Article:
How did things change when you won the Golden Lion?
Everything was easier. For this project, I had to beg for every dollar because on paper the film looks like a suicide project, because I shot the entire film inside a shoebox, almost, in such a tiny place. So it was very hard to raise the money. In the end, I raised it with a bit from here, a bit from there, and it was easier.
The couple deal with grief in different ways. How did you build this relationship and why do they act differently?
Usually, when it comes to post-traumatic men returning from the war, people have a stereotype that they have nightmares, that they’re very lonely. It’s not like that, it’s the opposite because many people want to show everybody that they are ok and that they’re in control. Mikael, for example, he was the kind of Israeli guy that when he was a young officer in the army, he told himself he needed to go into war, and in the key moment he froze – he sent someone to die before him. He didn’t mean to do that but when it happened he froze, and all his life he is trying to prove the opposite. He becomes very successful, has a family, he tries to function like a strong man, but deep inside his soul is bleeding and there is no place, no corner to download the pain and the anger, and so he keeps it in. And the temper is the price.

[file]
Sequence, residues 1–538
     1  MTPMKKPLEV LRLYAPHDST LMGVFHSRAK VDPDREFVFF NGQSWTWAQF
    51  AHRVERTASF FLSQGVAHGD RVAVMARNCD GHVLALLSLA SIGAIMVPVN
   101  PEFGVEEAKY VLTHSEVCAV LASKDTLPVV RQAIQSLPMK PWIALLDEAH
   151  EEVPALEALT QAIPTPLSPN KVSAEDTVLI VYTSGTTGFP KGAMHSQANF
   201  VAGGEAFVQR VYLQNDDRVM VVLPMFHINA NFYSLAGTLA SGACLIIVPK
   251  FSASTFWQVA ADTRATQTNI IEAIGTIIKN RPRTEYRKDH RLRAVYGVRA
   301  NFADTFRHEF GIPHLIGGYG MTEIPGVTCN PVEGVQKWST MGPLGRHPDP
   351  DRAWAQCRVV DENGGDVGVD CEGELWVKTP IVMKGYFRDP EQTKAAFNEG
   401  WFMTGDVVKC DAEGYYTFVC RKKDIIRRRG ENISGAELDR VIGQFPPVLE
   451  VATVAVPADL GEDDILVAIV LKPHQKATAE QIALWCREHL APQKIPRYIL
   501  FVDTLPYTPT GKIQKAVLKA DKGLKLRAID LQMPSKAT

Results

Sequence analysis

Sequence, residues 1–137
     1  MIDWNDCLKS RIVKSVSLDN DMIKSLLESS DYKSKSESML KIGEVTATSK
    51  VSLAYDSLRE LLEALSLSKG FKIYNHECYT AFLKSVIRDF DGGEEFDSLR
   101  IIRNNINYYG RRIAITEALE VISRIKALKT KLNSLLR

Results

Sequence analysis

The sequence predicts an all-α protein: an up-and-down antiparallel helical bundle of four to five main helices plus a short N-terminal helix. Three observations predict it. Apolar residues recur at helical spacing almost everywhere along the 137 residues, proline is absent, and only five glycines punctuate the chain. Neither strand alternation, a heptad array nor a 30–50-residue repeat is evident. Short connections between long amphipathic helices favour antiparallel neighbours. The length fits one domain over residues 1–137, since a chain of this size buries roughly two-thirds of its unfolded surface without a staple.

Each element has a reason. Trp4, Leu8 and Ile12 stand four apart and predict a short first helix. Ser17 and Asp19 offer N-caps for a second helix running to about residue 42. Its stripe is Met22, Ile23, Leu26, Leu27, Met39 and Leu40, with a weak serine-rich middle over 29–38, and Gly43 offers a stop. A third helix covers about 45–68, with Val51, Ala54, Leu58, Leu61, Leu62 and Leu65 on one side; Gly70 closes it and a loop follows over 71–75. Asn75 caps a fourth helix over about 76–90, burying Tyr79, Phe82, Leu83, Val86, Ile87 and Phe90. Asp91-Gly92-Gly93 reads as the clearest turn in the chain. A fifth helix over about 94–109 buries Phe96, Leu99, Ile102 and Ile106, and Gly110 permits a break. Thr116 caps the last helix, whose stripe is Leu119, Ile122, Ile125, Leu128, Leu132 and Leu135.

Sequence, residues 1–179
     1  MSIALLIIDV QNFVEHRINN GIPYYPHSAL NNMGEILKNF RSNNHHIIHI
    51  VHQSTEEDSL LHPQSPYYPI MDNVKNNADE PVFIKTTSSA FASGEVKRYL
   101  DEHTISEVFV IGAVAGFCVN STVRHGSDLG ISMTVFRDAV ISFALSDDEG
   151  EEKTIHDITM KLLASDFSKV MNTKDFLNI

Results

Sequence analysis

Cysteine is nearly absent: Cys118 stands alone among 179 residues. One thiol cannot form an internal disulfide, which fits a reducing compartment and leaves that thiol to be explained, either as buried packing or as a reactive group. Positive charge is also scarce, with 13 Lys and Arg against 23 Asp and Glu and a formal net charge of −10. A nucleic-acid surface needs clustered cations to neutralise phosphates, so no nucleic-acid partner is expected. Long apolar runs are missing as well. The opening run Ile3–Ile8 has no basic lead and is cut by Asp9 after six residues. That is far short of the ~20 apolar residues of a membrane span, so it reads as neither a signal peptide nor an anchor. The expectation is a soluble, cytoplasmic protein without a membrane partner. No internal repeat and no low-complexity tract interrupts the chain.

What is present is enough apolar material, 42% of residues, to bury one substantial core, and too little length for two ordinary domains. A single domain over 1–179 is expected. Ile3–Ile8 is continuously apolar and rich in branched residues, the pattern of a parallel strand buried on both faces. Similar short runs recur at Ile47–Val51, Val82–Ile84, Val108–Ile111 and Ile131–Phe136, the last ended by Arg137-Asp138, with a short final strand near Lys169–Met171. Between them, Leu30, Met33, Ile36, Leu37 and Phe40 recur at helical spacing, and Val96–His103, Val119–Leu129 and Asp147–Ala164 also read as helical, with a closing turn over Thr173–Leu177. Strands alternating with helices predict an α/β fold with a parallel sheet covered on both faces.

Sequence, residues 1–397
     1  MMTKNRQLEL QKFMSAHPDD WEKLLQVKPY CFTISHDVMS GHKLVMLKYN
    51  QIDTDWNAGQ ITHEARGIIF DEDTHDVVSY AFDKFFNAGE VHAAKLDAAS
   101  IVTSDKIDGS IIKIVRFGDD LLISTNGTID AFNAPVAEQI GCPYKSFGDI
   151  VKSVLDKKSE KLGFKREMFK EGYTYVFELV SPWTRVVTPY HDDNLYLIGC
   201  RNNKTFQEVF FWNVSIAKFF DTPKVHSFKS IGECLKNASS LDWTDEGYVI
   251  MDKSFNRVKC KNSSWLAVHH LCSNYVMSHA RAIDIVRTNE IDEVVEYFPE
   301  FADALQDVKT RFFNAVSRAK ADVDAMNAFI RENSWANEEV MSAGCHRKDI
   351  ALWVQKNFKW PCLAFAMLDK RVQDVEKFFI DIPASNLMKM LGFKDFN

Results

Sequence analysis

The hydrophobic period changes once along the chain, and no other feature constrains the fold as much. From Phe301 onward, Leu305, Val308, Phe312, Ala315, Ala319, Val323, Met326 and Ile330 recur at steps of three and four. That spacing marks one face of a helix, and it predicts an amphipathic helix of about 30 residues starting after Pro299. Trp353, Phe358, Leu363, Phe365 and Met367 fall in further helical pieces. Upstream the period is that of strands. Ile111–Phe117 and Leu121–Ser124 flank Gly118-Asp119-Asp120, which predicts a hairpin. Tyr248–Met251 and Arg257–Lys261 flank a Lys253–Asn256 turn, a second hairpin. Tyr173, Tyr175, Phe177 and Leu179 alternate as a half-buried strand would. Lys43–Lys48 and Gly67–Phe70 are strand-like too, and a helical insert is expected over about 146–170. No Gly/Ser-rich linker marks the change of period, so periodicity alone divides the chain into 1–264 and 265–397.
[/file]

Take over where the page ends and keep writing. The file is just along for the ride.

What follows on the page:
When we meet him in the first frame of the film he is frozen again, his wife on the floor. He can’t accept. In my generation, you couldn’t complain about nothing; people expected you to be a man but suddenly when something happens like that to you, you are a child and you are very ashamed. In my time people weren’t aware that there were treatments, that you could talk to people. They said, “you have two hands, two legs, ten fingers, and you are complaining about something inside? Come on!”
Do you feel like this film is a kind of therapy?
It was a by-product. I didn’t do it to search for some therapeutic treatment, I did it because I had the need to do it. Therapy was an added value that I earned without intending to earn it.
Filippo L’Astorina, the Editor
Foxtrot is released in select cinemas on 1st March 2019. Read our review here.
Watch the trailer for Foxtrot here: